Next week, bus and subway riders in New York City will get hit with a fare hike — the fourth in five years. Starting in March, the base fare will increase by 25 cents to $2.50. Seven-day passes will cost $30, a dollar more than they did previously, and 30-day MetroCards will increase by $8 to $112.
But don’t get comfortable in your seat yet (if you can find one). The agency is planning yet another fare hike in 2015 — one transit advocates are already deriding.
It begs an important question: Is the planned 2015 fare hike a done deal, or are there actually things the MTA, city and state can to do prevent it?
Two important facts are not in dispute. One, the transit system is underfunded. And second, the MTA has few options to increase revenue. Most of the money for the MTA’s operating budget comes from just two sources: the revenue raised from fares and bridge- and-tunnel tolls, which account for about two-thirds of the total, and funds provided by the state government.
A myriad of forces drive the MTA’s persistent financial woes. According to transit advocate Gene Russianoff of the Straphangers’ Campaign, pinpointing exactly one cause is bit like solving a murder mystery. “It’s like inviting ten strangers to your mansion and figuring out who did it,” he said.
But among the culprits is the MTA’s longstanding tendency to borrow money to finance not only for new equipment — what agencies usually borrow money for — but also repairs to the system.
“Maybe that doesn’t hurt early on in the process, but as time goes on, more of your budget goes toward debt,” said research associate Rahul Jain of the Citizens Budget Commission, which has criticized the MTA practice of borrowing to pay operating costs. “You’re above now 15 percent of your cash budget that needs to go to debt servicing, and that number can go up and up and up.”
Borrowing has led to $33 billion in debt, and this year the MTA expects to spend more than $2.2 billion — or about 17 percent of its total budget — paying it off.
And debt costs are not the only budget item that has been growing.
“We have to face increased non-discretionary expenses, expenses that we can’t control,” said MTA spokesperson Kevin Ortiz. Those include pensions, health care and other benefits for workers, as well as paratransit services for riders with disabilities.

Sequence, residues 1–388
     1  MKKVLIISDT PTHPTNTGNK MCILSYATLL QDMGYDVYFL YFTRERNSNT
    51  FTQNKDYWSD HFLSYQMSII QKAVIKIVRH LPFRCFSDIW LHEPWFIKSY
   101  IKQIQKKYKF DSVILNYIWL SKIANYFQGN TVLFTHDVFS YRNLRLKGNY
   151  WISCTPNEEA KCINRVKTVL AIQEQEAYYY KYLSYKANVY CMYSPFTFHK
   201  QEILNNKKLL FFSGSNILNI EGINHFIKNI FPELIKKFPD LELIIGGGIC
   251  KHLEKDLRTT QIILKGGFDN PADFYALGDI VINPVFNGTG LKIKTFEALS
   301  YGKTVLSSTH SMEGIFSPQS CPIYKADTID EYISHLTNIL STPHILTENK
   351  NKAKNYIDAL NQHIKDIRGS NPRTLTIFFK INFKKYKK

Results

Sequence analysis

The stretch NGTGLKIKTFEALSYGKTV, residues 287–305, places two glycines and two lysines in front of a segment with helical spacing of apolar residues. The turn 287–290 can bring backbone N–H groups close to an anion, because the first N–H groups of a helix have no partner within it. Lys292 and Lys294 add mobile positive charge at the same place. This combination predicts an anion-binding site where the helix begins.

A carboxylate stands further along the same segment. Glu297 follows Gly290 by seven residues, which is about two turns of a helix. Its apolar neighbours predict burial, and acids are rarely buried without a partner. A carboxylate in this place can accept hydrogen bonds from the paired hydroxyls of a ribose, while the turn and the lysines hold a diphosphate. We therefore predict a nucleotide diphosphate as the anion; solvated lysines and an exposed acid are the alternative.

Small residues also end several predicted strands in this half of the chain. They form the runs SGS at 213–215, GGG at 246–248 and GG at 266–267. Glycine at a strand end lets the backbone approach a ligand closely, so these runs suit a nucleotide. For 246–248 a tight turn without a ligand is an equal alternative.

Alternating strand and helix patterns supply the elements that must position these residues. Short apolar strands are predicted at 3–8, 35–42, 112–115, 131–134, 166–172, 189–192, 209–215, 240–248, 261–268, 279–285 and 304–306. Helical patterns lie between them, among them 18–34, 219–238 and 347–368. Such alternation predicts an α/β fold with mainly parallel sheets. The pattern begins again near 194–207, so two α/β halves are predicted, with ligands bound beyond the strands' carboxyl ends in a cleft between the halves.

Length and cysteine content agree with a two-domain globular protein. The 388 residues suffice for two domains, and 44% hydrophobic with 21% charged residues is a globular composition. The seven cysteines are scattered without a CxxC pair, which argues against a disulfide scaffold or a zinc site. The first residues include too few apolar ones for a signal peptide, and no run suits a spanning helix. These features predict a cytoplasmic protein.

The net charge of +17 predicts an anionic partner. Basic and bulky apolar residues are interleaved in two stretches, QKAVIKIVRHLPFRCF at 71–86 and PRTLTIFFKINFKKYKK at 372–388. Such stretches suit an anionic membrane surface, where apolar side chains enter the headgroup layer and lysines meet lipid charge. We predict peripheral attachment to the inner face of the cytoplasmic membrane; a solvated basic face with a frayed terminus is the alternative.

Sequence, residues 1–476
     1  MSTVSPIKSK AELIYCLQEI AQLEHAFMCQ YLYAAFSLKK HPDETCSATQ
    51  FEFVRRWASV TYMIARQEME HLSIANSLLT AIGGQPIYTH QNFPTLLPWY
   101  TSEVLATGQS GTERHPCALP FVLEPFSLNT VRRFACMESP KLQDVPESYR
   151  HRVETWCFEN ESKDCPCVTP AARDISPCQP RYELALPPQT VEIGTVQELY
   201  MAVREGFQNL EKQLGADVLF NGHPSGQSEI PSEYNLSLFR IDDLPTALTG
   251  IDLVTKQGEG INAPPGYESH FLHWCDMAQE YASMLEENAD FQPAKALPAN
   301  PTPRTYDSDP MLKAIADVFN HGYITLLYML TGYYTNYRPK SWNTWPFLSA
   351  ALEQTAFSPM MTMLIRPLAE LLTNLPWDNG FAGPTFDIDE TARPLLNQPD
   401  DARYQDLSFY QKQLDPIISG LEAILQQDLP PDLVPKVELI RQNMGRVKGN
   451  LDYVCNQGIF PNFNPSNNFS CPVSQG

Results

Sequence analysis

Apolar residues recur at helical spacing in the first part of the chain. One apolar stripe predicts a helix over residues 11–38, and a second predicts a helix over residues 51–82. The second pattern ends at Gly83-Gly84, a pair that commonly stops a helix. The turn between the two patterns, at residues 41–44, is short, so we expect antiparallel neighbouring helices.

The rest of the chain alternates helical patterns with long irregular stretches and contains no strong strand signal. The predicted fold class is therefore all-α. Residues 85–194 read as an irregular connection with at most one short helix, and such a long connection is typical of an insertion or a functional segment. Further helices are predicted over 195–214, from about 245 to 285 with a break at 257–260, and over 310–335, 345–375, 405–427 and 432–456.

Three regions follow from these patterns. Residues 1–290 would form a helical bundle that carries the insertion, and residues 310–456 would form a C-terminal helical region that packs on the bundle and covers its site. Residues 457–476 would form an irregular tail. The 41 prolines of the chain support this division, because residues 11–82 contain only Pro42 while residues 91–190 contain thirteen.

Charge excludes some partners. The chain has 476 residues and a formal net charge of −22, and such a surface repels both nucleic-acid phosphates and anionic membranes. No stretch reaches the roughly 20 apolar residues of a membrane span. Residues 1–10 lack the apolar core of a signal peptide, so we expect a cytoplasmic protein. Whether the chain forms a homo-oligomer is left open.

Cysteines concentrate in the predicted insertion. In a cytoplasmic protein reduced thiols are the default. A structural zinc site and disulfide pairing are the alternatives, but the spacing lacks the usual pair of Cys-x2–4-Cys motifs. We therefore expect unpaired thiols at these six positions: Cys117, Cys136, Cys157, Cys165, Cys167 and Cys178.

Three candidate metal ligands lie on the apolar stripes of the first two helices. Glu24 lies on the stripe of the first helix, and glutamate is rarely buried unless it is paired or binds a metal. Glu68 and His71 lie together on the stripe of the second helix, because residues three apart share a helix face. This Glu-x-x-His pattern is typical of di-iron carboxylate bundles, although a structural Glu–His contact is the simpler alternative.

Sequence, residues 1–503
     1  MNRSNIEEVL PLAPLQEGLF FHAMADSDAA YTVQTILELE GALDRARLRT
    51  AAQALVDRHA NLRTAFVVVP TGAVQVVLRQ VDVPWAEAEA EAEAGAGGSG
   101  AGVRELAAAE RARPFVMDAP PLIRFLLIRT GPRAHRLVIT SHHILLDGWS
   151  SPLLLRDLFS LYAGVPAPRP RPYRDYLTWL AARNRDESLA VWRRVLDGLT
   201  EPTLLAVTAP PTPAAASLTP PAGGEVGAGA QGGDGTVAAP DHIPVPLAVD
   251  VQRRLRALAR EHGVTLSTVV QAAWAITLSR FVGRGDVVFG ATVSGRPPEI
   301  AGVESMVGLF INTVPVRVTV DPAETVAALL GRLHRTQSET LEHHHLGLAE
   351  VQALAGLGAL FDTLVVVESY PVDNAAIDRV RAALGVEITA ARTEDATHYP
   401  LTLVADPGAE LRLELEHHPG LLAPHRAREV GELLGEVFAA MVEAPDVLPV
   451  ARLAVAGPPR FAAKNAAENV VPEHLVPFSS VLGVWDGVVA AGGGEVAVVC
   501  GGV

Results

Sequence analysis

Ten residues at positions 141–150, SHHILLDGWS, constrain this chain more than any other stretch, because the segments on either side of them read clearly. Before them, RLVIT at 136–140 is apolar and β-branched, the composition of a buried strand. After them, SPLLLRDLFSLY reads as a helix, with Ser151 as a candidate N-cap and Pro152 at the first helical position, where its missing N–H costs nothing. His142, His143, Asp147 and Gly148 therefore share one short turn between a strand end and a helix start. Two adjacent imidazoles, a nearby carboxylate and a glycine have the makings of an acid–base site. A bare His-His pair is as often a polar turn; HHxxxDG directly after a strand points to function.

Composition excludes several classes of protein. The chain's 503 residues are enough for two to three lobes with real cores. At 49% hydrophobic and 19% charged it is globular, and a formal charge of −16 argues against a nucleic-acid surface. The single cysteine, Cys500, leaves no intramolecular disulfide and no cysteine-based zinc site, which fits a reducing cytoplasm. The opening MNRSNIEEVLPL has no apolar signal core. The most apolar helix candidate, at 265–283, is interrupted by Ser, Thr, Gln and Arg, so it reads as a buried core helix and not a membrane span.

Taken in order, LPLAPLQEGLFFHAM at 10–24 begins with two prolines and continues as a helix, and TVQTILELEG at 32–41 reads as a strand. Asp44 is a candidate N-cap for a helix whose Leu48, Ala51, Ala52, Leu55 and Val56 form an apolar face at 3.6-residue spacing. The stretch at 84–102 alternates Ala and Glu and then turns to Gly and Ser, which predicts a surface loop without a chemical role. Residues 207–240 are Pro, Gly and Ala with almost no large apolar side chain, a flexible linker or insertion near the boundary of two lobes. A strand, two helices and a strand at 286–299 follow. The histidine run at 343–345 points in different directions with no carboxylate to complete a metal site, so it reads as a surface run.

There’s no direct route to increasing revenue to cover those rising expenses. “The menu of options is really very small because we’re talking about big money here,” said Veronica Vanterpool executive director of the Tri-State Transportation Campaign. “We’re talking about billions of dollars, not millions.”
Here are three ways the MTA could raise those billions:
NEW TAXES. This year, the MTA will receive about $4.7 billion — about 35 percent of total revenue for its operating budget — through taxes levied by the state specifically to fund mass transit. Changing or increasing these taxes would take an act of the legislature — like a 2009 MTA bailout package that included a payroll tax. While ultimately members of the public still pay, taxes can be made more progressive than a flat fare, which hits poorer riders harder than wealthier ones.
Russianoff wants to see more state investment in the MTA. “At some point the legislature is going to have to bite the bullet like it did 2009 and come up with new revenues,” he said.
Imposing new taxes, though, is not a guaranteed way to generate revenue. The money brought in can fluctuate based on market conditions. As for the 2009 payroll tax — a Long Island judge rejected it last year as violating the state constitution, and while the tax is still in effect, the fight against it continues.
Finally, it’s unlikely that additional funds will come from the federal government. That leaves the MTA. It has had some success raising money by selling advertising space, leasing properties, and licensing T-shirts, train sets and the like, but the money raised is in the millions, not billions.
COST CUTS. The MTA can also cut its labor force and reduce related costs. The agency has already rebid health care contracts, reduced overtime and eliminated administrative positions. The MTA projects such efforts will result in $800 million in savings this year, and $1.2 billion annually by 2016.
The agency’s non-union employees have not had a pay increase since 2008, while those represented by the Transit Workers Union Local 100 have been working without a contract for a year. The MTA’s financial current projections assume that there will be a net zero wage increase for three years; the union has asked the MTA for cost-of-living-raises.
TOLLING DRIVERS. Other options for raising revenue include congestion pricing — originally proposed by Mayor Michael Bloomberg as part of PlanNYC — under which drivers would pay to enter central Manhattan during prime hours. That proposal died in the legislature, and similar plans have not gained much traction since.
Advocates are not ready to throw in the towel yet. “I would say that no fare hike is inevitable,” said Vanterpool. “But unless there is new financing streams, the 2015 fare increase could be inevitable.”
Jain at Citizens Budget Commission calls the 2015 hike “very, very likely,” because of the mountain of bills facing the MTA. “These are expenses that have to be paid.”